Del Monte Wins Approval of Settlement of KKR Buyout Suits

Del Monte Foods Co. and Barclays Plc won a judge’s approval of a $89.4 million settlement of investor lawsuits over the buyout of the pet-food maker by a group of private-equity firms led by KKR & Co.

The accord, which gave Del Monte investors about 50 cents more a share, “provides excellent consideration,” Delaware Chancery Court Judge Travis Laster said before approving the settlement today at a hearing in Wilmington.

Investors in San Francisco-based Del Monte, maker of Meow Mix cat food and Milk Bone dog biscuits, alleged they were shortchanged in KKR’s buyout, for which London-based Barclays provided some financing. Shareholders received a total $19.50 a share as a result of the accord, according to court filings.

Kristi Huller, a KKR spokeswoman, couldn’t immediately comment on Laster’s decision to approve the settlement today and Kerrie-Ann Cohen, a Barclays spokeswoman, declined to comment. Chrissy Stengel, a Del Monte spokeswoman, didn’t immediately return a call seeking comment.

The accord resolves claims that Barclays, which also served as Del Monte’s financial adviser, had conflicting interests in the $5.3 billion deal because of its financing for the buyers. The private-equity group led by New York-based KKR included Vestar Capital Partners and Centerview Partners LLP.

Collusion Alleged

Other Del Monte investors alleged that KKR and Vestar colluded on the offer for Del Monte and filed an antitrust suit in federal court in California. The private-equity firms at one time vied against each other to buy the consumer-products maker, the suit contends.

The U.S. Justice Department has launched a probe of the antitrust claims over the Del Monte buyout, Stuart Grant, a lawyer for investors who sued in Delaware, said last week in court papers.

The Del Monte shareholders who’d sued Del Monte and KKR in California sought to have Laster reject the state-court settlement because it would wipe out their claims.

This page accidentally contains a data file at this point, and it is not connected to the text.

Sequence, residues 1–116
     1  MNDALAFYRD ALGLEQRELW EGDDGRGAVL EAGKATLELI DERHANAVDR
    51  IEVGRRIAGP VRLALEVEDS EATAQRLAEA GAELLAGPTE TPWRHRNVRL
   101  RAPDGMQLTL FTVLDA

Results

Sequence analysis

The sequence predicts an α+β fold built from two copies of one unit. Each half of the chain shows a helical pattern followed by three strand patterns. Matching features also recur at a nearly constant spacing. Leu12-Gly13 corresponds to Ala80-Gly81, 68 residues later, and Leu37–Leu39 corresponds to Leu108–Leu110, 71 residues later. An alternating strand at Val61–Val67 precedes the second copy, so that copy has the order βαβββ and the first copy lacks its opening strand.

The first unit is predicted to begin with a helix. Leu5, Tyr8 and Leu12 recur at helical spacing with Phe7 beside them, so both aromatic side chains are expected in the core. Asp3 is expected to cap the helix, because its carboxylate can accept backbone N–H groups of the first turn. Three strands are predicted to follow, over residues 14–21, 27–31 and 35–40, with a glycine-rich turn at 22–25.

The judge refused, finding the allegation of collusion didn’t amount to a “meaty case” and federal prosecutors were better able to press antitrust claims if they exist.

Grant, who represented a pension fund who’d invested in Del Monte, said he was proud of the settlement because it threw a spotlight on the conflicting roles banks sometimes play in buyouts.

‘Message Sent’

Del Monte investors noted in their suit that Barclays was paid $23.5 million to advise Del Monte on the deal while also receiving as much as $24 million for providing loans to the buyers. Wall Street firms have shied away from providing such loans in the wake of Laster’s rulings in the Del Monte case, Grant noted.

“We’ve been able to change a Wall Street practice that was more prevalent than people thought,” he said. “A message was sent through your honor’s opinion that this kind of interested transaction” won’t be tolerated, Grant added.

As part of the settlement, Laster today approved a total of $22.3 million to cover Del Monte investors’ legal fees and costs in bringing the case.

The case is In re Del Monte Foods Co. Shareholder Litigation, CA6027, Delaware Chancery Court (Wilmington).

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